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Fiber Expansion to Include Paris, Maine, Government Offices

Town officials have approved a plan that would run fiber-optic cable for high-speed Internet service to the town office and police department. The use of existing equipment will make the project more cost effective.

(TNS) — With one selectman saying it is time for the town to move into the 21st Century, the Select Board on Monday approved installing fiber-optic cable for high-speed Internet service in the Town Office and Police Department.

Town Manager Dawn Noyes had requested permission at the Feb. 13 meeting to spend $4,400 to equip the office and station with high-speed Internet service. The proposal would replace Spectrum's service with GWI, which runs the town's phone system.

Town officials said GWI would be cheaper, because its equipment is already in the building.

Noyes said she and other employees in the office and the Police Department have complained about spotty service. She said she was especially frustrated recently when she kept getting kicked out of a Zoom meeting and it took about six minutes to regain the connection each time.

Two weeks ago, the board asked her to get bids. She contacted a couple of other providers, but none returned her calls.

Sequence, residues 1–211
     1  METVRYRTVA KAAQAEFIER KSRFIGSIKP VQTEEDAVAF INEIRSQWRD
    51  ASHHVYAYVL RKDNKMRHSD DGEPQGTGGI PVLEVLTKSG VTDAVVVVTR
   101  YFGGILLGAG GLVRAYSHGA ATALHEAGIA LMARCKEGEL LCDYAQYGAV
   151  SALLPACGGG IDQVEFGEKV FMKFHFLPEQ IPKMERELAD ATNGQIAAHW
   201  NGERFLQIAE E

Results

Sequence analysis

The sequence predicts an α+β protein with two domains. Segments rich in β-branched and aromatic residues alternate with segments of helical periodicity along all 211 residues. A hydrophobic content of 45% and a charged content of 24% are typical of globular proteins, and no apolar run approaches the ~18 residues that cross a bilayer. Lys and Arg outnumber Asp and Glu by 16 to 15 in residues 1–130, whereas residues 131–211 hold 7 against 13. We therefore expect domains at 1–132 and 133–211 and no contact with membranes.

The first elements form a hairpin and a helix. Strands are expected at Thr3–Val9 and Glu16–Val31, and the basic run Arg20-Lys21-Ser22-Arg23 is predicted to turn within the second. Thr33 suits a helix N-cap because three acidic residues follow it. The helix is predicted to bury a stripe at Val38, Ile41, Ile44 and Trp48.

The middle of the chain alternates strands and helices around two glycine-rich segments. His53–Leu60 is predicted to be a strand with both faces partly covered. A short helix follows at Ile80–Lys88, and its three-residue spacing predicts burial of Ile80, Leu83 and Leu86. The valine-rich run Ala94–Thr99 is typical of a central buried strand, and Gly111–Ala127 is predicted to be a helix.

With Selectman Michael Bailey saying it was finally time to move into this century, the board unanimously approved the expenditure.

In other business, the board approved the bid to purchase a Western Star plow truck for $149,587. The bid was about $1,000 less than a similar bid for a Mac plow.

Bailey, who had studied the bids, recommended the Mac because he was concerned certain features were missing, because they were not listed in the vehicle specs — such as a coolant filter, an engine brake, a block heater and a tow hook.

Highway Director Jamie Hutchinson, who recommended the Western Star plow truck, said the Western Star the town ordered a couple of years ago came with all of those features and the new plow truck bid had the same package. He added that employees found the truck comfortable to drive and the town would not be required to purchase an additional computer program to service the newer model.

Bailey was convinced and joined his colleagues in approving the purchase.

The board also approved a bid from Spencer Paving Group in Turner for road projects for the year. Spencer's bid was $747,000, $70,000 less than the next bid.

Auditor Ron Smith from the accounting firm RHR Smith & Company of Buxton gave the town a glowing review during his presentation to the board. He said the town's undesignated fund contained more than $2 million, which gives the town at least a 90-day cushion to pay bills if no money comes in.

"That's right where you want to be," Smith said.

The board awarded Joseph Brickel the property at 89 Gary St. for $15,001. He was the high bidder for the half-acre property that was taken by the town for unpaid taxes.

A liquor license renewal was approved for Western Maine Gourmet, which operates Maurice Restaurant at 109 Main St.

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